Three survivors of the Port Kaituma airstrip massacre that occurred shortly before the mass murder and suicide event that left over 900 people dead began at the nearby Jonestown compound in 1978 are speaking out about the tragedy in a new special.
Congresswoman Jackie Speier and Stephen Sung, who had been working as a sound man for NBC on the trip, recall how they were forced to huddle on an airstrip overnight on the verge of death after the plane they were supposed to leave on took off without them after nine men opened fire on the group.
Ron Javers, a reporter who was accompanying the delegation to Jonestown, was not shot in the exchange and able to spend the night at a nearby cafe, where soon after the attack he heard what Jones had planned for his followers.
‘Someone was saying, and I remember this, you know, “They’re killing them, man. They’re killing all the babies,”‘ revealed Javer in an interview that will air Friday on the Dateline NBC special Jonestown: An American Tragedy.
Jones had his followers take their own lives by ingesting gape Flavor Aid poisoned with cyanide and Valium.
Lucky: ‘I should’ve died on that airstrip. I should have. But it was not part of the plan,’ said Jackie Speier, who was an aide to Ryan at the time.
Close call: ‘I mean, my whole right side of my leg was blown up except for the femoral artery. Had the femoral artery been severed, I would’ve died in 90 seconds,’ she said (above being treated)
Terror: ‘Someone was saying, and I remember this, you know, “They’re killing them, man. They’re killing all the babies,”‘ revealed Javer (Jones above with a young follower)
The three survivors had all traveled down to South America as part of a delegation lead by Congressman Leo Ryan, who represented the California district where many Jonestown members had lived before joining Jim Jones in Guyana.
Ryan agreed to take the trip after a numbe rof concerned relatives and friends began to approach him with concern about the safety and well being of their loves ones.
He traveled down to Georgetown with a group of 18 people on November 14, and three days later was granted entrance to Jonestown.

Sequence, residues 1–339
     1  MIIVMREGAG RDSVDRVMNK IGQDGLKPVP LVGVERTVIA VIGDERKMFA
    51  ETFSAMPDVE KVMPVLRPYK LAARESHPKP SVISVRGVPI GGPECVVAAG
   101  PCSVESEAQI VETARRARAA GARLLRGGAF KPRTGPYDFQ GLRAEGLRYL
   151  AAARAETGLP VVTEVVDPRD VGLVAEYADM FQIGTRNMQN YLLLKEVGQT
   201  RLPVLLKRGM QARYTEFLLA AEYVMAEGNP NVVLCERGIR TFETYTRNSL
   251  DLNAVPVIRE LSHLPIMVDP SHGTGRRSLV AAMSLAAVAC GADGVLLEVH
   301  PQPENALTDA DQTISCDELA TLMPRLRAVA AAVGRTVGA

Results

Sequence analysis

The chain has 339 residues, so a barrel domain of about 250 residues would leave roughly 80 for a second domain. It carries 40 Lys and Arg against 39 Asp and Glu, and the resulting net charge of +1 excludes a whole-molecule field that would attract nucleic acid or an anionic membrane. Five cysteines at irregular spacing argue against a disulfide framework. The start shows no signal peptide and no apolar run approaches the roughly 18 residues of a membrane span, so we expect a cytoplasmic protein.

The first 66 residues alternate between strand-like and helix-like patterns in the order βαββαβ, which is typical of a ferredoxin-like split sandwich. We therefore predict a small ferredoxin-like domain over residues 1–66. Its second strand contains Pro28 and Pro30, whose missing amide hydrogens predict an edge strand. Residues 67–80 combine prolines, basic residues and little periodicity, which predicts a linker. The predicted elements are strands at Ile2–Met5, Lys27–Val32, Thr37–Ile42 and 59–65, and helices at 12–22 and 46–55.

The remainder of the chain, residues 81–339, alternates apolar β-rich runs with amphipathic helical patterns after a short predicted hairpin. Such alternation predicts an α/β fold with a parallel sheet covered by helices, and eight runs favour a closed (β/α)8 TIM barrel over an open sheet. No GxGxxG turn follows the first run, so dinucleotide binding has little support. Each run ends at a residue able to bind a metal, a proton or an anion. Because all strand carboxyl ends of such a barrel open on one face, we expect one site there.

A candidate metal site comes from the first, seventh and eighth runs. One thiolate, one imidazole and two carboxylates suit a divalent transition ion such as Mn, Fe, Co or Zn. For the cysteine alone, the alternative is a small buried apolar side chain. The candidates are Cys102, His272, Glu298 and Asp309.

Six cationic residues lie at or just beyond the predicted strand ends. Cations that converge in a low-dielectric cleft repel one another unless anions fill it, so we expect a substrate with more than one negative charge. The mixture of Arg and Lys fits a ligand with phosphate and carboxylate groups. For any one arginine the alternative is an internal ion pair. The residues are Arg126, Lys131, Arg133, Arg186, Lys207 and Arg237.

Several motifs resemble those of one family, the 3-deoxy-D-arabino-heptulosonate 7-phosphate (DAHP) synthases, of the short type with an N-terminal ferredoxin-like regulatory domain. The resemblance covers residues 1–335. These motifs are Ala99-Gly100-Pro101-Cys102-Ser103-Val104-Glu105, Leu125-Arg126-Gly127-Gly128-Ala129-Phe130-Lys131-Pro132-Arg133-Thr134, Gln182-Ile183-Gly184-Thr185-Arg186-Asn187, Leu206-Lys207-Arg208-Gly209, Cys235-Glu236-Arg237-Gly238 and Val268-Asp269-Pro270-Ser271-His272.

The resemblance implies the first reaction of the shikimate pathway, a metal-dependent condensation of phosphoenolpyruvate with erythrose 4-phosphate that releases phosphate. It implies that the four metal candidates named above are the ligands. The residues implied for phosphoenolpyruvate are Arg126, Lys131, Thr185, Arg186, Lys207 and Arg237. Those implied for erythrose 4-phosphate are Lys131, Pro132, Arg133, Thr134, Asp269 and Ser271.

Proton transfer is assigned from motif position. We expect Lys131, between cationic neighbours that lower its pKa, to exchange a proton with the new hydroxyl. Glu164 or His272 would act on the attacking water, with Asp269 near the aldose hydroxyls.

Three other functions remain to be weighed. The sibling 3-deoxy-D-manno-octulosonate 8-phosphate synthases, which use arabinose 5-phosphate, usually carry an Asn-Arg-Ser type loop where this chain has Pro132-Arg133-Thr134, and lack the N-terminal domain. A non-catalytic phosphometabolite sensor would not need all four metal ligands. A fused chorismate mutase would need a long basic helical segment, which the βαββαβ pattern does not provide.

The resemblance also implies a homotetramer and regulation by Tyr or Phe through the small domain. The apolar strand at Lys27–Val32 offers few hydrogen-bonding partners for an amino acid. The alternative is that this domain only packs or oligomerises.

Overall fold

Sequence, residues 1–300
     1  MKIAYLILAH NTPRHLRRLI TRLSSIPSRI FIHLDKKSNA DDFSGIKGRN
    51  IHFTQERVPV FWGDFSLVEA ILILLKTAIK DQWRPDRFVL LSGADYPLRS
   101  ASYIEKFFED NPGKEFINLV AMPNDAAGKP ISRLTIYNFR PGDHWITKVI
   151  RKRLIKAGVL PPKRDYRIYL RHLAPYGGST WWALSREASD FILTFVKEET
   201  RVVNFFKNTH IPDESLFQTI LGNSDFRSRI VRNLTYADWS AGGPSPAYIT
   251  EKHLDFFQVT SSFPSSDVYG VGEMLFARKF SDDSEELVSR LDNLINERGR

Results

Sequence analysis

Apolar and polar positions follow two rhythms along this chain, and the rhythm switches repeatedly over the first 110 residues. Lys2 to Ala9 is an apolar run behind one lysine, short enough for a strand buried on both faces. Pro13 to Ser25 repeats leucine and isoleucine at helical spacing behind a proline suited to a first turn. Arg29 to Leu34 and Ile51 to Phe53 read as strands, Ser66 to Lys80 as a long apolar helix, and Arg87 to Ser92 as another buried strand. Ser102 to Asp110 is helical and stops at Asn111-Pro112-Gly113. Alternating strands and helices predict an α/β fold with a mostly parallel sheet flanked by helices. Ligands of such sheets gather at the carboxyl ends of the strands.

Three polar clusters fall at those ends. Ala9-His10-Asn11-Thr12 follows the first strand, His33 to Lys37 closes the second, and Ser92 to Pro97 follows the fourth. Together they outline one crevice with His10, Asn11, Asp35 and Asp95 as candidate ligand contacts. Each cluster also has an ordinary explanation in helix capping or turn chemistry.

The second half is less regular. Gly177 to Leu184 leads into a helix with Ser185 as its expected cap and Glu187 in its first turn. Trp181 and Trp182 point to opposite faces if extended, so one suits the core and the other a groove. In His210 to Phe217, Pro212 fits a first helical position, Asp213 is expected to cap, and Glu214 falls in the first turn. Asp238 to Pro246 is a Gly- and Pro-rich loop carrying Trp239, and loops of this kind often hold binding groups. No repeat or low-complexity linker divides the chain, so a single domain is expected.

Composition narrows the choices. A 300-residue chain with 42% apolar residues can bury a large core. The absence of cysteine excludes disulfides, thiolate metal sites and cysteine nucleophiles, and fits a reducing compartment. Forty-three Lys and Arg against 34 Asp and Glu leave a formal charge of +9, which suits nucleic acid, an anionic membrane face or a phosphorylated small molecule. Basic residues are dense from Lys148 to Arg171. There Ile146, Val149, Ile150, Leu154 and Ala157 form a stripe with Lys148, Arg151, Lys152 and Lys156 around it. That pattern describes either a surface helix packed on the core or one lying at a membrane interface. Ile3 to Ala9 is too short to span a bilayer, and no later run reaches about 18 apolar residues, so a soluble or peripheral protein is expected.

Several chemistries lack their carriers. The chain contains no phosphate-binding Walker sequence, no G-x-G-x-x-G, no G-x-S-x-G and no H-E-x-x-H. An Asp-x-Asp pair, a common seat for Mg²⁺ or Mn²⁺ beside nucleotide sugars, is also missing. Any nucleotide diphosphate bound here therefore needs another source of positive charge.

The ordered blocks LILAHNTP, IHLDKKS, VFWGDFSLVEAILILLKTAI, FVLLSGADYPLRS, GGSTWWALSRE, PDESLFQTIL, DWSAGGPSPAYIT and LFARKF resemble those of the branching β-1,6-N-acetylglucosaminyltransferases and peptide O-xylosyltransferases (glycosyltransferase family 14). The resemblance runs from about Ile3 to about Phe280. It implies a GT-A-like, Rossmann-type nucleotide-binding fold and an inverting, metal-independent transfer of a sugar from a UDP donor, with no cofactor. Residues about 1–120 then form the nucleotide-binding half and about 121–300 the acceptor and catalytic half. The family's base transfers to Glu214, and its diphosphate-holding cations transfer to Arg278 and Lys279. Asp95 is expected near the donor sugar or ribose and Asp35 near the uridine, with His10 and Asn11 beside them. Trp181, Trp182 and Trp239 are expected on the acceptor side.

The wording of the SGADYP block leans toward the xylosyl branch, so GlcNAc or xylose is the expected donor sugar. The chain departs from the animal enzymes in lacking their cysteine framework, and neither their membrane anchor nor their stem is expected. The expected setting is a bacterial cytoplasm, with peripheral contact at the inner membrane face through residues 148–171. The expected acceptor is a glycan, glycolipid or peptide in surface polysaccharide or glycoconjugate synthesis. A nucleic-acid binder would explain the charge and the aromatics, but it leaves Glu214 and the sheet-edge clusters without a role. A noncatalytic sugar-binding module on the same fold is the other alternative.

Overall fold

Ryan spent time speaking with Jones and members and even spent the night at the settlement, with two individuals expressing a desire to leave Guyana and break free from Jones that first night.
That number quickly began to grow in the morning as the delegation prepared to leave, and in at least one case two parents found themselves at odds over whether to leave or stay with their child.
Almost immediately after Ryan left Jonestown a loyal member of the group tried unsuccessfully to attack him with a knife.
Then, when the group go tot he airfield, they were forced to wait for a second plane since there had been so many more defectors than they had anticipated at first.
It was while waiting that a group of nine armed men gathered and headed for the airstrip to attack and kill the group, who Jones believed responsible for tearing apart his cult.
Witnesses: Ron Javer (left) and Stephen Sung (right) also spoke out about the incident
Innocent victims: Children are seen at Jonestown in a video shot shortly before the mass causality event
Unreal sight: Bodies are seen surrounding the structures at Jonestown after the poisoning took place
The syringes used to poison the children with grape Flavor Aid
Ryan was one of the five killed that night, along with NBC cameraman Bob Brown and Temple defector Patricia Parks.
Speier and Sung were lucky to have survived the attack, and the worst was yet to come.
After the gunmen left and the planes took off, the two found themselves alone on the airstrip and in danger of bleeding to death.
‘I should’ve died on that airstrip. I should have. But it was not part of the plan,’ said Speier, who was an aide to Ryan at the time.
‘I mean, my whole right side of my leg was blown up except for the femoral artery. Had the femoral artery been severed, I would’ve died in 90 seconds.’
Sung was experiencing similar problems due to his own injuries, saying that he was aided by Tim Reiterman, who despite being dear death himself helped Sung fashion tourniquet with his shirt to stop the bleeding.
Scene: After the gunmen left and the planes took off, the victims found themselves alone on the airstrip and in danger of bleeding to death (seen above)
Gone: Over 900 people died as a result of the event at the insistence of Jones
It was Reiterman who had first exposed the horrors of Jonestown prior to the trip in stories detailing the beatings endured by members, some of whom were being kept on the compound against their own will.
The blood was not the only problem however, as the survivors were also in incredible pain.
‘Bob Flick came a number of times, during the night, and brought me Guyanese rum to take,’ notes Speier of how the NBC newsman helped her cope with the pain.
She also says that she ‘was forever grateful to him for doing that.’
The one-hour broadcast on the Jonestown massacre, the largest mass murder-suicide in modern history will air Friday at 10 p.m. ET/PT, 9 p.m. CT.
It features a comprehensive, in-depth look at the journalists who exposed the dangers of cult leader Reverend Jim Jones, and includes rarely seen footage from their mission to report on Jones’ compound in Guyana.